The mechanisms of astrocyte senescence have not been clearly elucidated; however, based on the main hypothesis, astrocyte senescence decreases synaptic connections [17]. Ammonia-induced astrocyte cultures demonstrated reduced synaptic connections, and are linked with a decreased level of the brain-derived neurotrophic factor (BDNF) and thrombospondins (TSP) [168]. Structural and functional alterations in astrocyte synapses are primarily due to BDNF-induced TrkBT-dependent (Tyrosine Receptor Kinase B) signaling [169]. However, reduced BDNF-actin polymerization induction was found in ammonia-induced astrocyte cultures [17]. Ephrins (Eph)/Ephrin-Receptors (EphR) and BDNF- TrkBT signaling interaction with astrocyte tripartite synapses and neurons intensify the synaptic contacts [170]. Another study revealed the inhibition of Eph/EphR signaling in ammonia-induced astrocyte cultures from the HE patient’s brain [170]. Hence, hyperammonia-induced astrocyte senescence is linked with disturbing synaptic stability/connectivity via the BDNF inhibition, blocking TrkBT-dependent and ephrin/ephrin receptor signaling in the brain [97]. Thus, defective astrocyte senescence and neuronal/glial transmission can lead to persistent morphological alterations in the HE brain, which may proceed for the resolution of overt HE [17].
To support these findings, Gorg et al. reported that astrocyte senescence in an in vitro HE model activated by hyperammonia-induced glutamine synthesis-dependent O-GlcNAcylation in an in vitro study [171]. Moreover, ammonia-induced oxidative stress activates the astrocyte senescence by triggering the p53 dependent transcription inhibitory genes (p21, GADD45α) [168]. Therefore, astrocyte senescence is an important key factor that activates neuroinflammation, aging of neuro-glial cells, and causes cognitive decline [172].
Synaptic connection is another hypothesis related to learning and memory [173]. Synapses are a specialized intercellular (functional) approximation between neurons, and synaptic plasticity denotes learning and memory [174]. Synaptic function and synaptic signal transduction are regulated by postsynaptic density (PSD) [173]. In various PSD types, PSD-95 is a vital protein that regulates and integrates synaptic signals, and is linked with cerebral diseases [175]. PSD-95 mediates the learning and memory process by aggregating the N-methyl-D-aspartate receptor (NMDAR) to generate LTP [176,177]. PSD-95 can also transmit neurotoxic signals via NMDAR overexpression [178].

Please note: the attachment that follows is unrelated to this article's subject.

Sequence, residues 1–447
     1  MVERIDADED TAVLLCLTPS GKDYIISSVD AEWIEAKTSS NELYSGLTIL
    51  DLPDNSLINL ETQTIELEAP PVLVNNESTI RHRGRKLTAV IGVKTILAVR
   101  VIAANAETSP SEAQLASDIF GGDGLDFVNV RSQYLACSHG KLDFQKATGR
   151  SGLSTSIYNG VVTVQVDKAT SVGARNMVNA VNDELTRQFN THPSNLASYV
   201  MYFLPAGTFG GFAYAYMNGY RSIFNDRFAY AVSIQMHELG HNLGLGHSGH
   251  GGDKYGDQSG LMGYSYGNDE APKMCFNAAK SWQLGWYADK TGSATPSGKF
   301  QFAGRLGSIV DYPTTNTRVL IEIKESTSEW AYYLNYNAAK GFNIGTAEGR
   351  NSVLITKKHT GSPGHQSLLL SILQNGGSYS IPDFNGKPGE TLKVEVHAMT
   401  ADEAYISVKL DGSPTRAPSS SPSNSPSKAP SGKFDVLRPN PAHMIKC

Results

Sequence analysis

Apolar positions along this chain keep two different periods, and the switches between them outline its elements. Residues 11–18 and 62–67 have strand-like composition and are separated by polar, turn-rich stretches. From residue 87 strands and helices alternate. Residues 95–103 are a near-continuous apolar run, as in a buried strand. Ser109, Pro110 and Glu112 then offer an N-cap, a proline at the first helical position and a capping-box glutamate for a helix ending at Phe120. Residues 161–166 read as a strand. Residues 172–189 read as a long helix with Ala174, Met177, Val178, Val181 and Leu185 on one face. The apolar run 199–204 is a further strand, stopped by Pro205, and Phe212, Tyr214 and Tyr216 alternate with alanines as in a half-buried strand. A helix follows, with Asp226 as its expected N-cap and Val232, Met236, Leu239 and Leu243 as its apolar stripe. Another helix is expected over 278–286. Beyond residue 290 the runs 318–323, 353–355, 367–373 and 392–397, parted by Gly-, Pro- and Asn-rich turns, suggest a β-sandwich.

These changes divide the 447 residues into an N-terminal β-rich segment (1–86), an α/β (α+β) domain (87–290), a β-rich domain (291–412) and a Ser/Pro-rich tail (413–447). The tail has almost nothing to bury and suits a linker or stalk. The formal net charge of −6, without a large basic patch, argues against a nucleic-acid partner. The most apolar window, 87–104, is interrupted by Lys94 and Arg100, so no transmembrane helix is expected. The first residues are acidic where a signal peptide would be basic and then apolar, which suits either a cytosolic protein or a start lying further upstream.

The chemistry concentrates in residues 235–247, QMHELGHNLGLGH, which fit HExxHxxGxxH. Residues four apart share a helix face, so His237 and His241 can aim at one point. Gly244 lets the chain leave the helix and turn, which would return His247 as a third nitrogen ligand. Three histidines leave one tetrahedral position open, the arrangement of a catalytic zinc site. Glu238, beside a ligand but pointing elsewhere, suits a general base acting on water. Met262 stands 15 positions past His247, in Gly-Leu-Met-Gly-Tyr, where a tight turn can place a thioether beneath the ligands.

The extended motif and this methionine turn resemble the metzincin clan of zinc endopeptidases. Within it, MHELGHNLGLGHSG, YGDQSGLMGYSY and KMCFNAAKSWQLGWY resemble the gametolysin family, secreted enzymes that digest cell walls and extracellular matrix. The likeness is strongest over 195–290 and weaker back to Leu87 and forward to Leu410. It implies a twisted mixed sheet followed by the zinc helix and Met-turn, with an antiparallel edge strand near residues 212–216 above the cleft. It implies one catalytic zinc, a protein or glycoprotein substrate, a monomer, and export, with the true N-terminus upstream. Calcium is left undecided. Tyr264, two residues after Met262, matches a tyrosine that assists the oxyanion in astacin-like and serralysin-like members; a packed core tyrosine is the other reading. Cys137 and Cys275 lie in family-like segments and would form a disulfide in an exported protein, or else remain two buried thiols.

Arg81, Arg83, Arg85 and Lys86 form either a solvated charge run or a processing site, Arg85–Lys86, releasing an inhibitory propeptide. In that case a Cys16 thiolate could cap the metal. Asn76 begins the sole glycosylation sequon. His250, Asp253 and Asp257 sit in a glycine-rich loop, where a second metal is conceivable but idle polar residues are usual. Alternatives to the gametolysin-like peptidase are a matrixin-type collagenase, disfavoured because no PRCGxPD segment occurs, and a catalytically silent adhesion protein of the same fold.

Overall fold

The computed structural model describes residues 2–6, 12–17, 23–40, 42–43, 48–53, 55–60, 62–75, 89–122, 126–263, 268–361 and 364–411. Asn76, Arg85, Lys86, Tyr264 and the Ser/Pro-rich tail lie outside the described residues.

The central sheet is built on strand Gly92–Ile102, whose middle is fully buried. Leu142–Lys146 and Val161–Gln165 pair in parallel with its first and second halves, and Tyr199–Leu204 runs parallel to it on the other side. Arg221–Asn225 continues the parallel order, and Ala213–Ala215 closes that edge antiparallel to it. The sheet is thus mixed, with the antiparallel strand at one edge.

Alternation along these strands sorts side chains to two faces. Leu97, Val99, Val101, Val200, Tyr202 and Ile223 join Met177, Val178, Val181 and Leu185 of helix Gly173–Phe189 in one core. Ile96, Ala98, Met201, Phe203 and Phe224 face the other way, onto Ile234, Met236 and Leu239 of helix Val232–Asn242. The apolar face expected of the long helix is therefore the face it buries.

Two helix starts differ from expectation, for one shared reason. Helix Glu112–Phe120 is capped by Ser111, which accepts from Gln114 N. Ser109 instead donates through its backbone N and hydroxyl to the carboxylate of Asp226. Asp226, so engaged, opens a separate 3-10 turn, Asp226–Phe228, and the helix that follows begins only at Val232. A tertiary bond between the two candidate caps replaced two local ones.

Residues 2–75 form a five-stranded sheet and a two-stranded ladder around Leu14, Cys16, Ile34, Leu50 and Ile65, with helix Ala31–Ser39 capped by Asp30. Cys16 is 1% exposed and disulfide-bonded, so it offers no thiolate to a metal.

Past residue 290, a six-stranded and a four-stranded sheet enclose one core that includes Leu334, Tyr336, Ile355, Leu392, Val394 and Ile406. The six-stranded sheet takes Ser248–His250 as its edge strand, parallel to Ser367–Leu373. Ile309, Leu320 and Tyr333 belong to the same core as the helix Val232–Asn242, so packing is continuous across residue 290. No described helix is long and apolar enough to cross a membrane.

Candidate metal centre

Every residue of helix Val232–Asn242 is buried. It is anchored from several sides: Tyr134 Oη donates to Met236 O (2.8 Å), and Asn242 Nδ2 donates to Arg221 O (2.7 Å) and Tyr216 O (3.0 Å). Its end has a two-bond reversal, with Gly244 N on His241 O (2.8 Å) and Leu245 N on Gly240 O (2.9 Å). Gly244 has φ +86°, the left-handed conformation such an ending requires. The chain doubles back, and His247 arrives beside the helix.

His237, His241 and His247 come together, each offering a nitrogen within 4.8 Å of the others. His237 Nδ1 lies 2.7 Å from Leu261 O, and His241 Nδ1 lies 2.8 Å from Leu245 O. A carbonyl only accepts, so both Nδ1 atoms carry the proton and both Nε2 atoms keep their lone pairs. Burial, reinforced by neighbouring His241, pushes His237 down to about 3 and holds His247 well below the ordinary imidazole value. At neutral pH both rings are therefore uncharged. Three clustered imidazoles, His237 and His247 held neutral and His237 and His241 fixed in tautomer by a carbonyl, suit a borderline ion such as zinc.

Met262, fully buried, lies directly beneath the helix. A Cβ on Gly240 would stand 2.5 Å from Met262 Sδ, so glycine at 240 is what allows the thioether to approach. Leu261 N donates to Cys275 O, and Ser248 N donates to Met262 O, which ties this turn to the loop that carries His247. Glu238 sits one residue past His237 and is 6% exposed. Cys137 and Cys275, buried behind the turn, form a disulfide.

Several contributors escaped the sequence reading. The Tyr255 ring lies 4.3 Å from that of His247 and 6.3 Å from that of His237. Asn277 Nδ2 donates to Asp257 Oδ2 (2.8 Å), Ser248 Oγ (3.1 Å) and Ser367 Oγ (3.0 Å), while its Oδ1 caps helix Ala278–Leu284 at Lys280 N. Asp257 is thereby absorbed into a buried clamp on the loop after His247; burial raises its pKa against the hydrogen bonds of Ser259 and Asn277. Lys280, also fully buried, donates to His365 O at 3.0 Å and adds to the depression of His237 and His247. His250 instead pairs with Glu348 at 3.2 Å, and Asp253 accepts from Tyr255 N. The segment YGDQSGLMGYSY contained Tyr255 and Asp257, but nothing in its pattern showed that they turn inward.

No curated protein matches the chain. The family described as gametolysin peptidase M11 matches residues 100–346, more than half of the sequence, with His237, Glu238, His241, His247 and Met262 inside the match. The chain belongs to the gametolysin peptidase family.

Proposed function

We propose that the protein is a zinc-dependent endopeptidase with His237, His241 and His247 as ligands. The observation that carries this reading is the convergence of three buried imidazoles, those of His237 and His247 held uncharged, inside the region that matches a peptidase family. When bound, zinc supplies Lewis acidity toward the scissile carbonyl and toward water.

Fawad et al. demonstrated the cognitive enhancement activity of melatonin administration (5 mg/kg) in middle cerebral artery occlusion (MCAO) rat models. In this study, melatonin facilitates the NR2a/PSD-95 complex association/PI3K/Akt/GSK3β pathway. Moreover, melatonin boosts the neuroprotective factor of γ-enolase expression and conserves the synaptophysin and SNAP25 presynaptic protein expression and p-GluR1845 postsynaptic protein expression [179]. Furthermore, in HE, the accumulation of ROS, increased glutamate, altered synaptic contacts/morphology, and the LTP leads to cognitive decline [180].
Numerous clinical/experimental studies and meta-analyses demonstrated the neurocognitive effect of melatonin in cognitive decline models [181,182,183]. Melatonin exerts neuroprotection against the cholinergic/serotonergic system and promotes GABAergic neurotransmission [184]. Guermonprez et al. reported that melatonin facilitates the choline and choline acetyltransferase functions of synaptosome/synaptic vesicles [185]. Melatonin administration was found to inhibit GSK-3/PKA/PP-2A activation in the rodent brain [186,187,188]. By using melatonin-treated glutamate-exposed neuronal cultures, Wei et al. demonstrated that MMP-9, PSD-95, and growth-associated protein 43 (GAP-43) proteins were not only upregulated, but facilitated neuronal plasticity in the rodent stroke model [189]. Melatonin was also found to increase BDNF expression via the PLC pathway [190].
These studies suggest that melatonin plays an important neurocognitive role in addressing HE-induced cognitive decline. Melatonin is a potent neurocognitive agent by increasing synaptic connectivity, synaptic density proteins, and increasing LTP, inhibiting GSK3β/PKA/PP-2A signaling pathways, decreasing inhibitory neurotransmitter synthesis and release. Melatonin’s neurocognitive effect was confirmed to be due to its antioxidant, anti-inflammatory, and anti-apoptotic properties on HE.
In summary, this review mainly focused on how melatonin communicates with the HE brain (Figure 2). A hallmark of HE is loss of neuro-glial function, which in turn leads to cognitive decline. Researchers have extensively studied the pathogenesis of HE and the treatments available. However, there are no studies examining how melatonin influences HE. In this review, we have described the precise molecular mechanism of HE and how melatonin protects against HE.

8. Conclusions and Future Prospects

HE is a severe neuropsychiatric hepatic disease that triggers various neuropathological alterations. Here, we summarized the functions of melatonin in HE neuropathology.
In HE, melatonin exhibited neuroprotective effects by increasing the enzyme activity involved in ammonia detoxification, by controlling liver enzymes, and by inhibiting ammonia’s entry into the brain by maintaining BBB integrity.